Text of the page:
Plan to call off controversial autism study felt on LI

A move by the federal government to scrap a study about a controversial autism treatment is not being well received by some parents across the Island. The National Institute of Mental Health said in

News 12 Staff

Sep 18, 2008, 2:31 AM

Updated 5,786 days ago

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A move by the federal government to scrap a study about a controversial autism treatment is not being well received by some parents across the Island.
The National Institute of Mental Health said in a statement Wednesday that it was dropping plans to study the effects of the treatment, called chelation, on children with autism. The agency announced it decided funds for the study would be better used testing other potential therapies for autism and related disorders.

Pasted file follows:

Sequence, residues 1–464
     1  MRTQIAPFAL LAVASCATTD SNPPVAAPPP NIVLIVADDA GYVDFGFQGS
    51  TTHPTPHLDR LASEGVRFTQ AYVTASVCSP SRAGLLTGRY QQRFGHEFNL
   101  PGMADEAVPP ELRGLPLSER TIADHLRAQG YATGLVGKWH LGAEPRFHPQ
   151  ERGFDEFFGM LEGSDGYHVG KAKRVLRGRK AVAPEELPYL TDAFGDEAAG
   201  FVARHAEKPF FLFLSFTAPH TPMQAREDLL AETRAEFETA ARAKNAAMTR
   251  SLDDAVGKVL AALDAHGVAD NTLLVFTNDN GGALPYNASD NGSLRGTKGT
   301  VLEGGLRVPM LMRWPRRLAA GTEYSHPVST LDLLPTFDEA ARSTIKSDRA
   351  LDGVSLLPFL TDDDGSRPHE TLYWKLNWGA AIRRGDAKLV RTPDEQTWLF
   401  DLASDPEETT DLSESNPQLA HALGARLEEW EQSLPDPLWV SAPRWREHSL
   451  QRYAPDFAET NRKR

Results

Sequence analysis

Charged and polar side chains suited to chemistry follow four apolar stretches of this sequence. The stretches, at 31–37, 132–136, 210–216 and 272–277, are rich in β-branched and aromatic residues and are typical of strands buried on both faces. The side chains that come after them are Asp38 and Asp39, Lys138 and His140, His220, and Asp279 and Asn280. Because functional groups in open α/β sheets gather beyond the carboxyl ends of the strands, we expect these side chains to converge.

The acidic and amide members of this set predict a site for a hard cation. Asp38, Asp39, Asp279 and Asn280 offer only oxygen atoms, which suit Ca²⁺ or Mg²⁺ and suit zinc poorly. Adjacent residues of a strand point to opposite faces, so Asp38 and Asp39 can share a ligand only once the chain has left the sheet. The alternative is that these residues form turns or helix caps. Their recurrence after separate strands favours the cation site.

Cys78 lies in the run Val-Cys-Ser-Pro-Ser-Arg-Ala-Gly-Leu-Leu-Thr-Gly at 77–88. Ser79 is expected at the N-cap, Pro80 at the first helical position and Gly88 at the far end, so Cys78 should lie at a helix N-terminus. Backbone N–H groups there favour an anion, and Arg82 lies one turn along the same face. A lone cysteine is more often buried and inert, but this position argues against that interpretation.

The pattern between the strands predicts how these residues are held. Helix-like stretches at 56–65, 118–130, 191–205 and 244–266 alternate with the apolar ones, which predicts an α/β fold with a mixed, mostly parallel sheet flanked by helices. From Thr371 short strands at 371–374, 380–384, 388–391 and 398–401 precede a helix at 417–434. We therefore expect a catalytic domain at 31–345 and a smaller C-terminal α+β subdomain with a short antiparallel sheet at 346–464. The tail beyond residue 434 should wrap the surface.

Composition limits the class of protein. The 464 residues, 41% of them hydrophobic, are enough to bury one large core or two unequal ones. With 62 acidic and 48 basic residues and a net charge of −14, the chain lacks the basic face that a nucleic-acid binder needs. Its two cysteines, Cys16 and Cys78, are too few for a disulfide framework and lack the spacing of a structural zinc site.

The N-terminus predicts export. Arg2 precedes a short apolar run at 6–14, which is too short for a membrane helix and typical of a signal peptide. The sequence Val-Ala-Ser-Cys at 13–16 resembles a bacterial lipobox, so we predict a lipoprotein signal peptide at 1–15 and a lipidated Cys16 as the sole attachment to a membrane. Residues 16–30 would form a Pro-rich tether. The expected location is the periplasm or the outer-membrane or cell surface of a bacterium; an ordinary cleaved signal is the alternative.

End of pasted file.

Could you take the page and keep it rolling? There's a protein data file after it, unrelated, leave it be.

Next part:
The treatment works by removing heavy metals from the body and is used to treat lead poisoning. Its use as an autism treatment is based on the disputed theory that mercury in vaccines triggers autism. Mercury hasn't been in childhood vaccines since 2001, except for certain flu shots.
Despite the study being dropped, some parents of autistic children on Long Island believe the therapy has changed their kids' lives.
Billy McKenna, 7, was diagnosed with autism when he was 2 years old. For the past several years, his parents have been taking him to the Autism Associates of New York in Woodbury, where he receives the treatment. His father, David McKenna, says he has seen a marked difference in his son's behavior.
"Years ago he would just zone out, now he knows what's going on, he knows what's around him," says David McKenna.


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